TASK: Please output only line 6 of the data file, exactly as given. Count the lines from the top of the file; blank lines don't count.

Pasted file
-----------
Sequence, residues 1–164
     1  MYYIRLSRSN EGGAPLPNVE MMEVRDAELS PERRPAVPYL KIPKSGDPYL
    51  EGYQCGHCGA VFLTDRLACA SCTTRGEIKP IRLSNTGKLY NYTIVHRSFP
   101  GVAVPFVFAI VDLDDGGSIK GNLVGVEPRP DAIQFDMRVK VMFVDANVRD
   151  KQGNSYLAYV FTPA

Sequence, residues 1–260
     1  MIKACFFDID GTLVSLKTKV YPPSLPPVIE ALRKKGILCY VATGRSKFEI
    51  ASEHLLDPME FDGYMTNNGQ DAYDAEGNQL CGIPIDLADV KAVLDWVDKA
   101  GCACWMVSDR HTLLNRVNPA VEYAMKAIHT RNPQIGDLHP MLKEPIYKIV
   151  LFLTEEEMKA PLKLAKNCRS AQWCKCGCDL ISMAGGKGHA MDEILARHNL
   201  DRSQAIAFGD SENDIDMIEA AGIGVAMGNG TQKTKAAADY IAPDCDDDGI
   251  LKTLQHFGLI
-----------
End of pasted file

Sequence, residues 1–260